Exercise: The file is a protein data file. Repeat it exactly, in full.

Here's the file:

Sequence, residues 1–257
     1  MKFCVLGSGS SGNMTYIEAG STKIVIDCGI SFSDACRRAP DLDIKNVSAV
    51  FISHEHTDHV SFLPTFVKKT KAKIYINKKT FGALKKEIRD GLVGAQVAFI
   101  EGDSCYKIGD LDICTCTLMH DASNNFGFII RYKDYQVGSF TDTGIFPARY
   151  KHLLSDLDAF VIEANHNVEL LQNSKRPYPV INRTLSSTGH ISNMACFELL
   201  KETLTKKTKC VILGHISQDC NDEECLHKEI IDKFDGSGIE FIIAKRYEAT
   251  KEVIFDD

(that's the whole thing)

Sequence, residues 1–257
     1  MKFCVLGSGS SGNMTYIEAG STKIVIDCGI SFSDACRRAP DLDIKNVSAV
    51  FISHEHTDHV SFLPTFVKKT KAKIYINKKT FGALKKEIRD GLVGAQVAFI
   101  EGDSCYKIGD LDICTCTLMH DASNNFGFII RYKDYQVGSF TDTGIFPARY
   151  KHLLSDLDAF VIEANHNVEL LQNSKRPYPV INRTLSSTGH ISNMACFELL
   201  KETLTKKTKC VILGHISQDC NDEECLHKEI IDKFDGSGIE FIIAKRYEAT
   251  KEVIFDD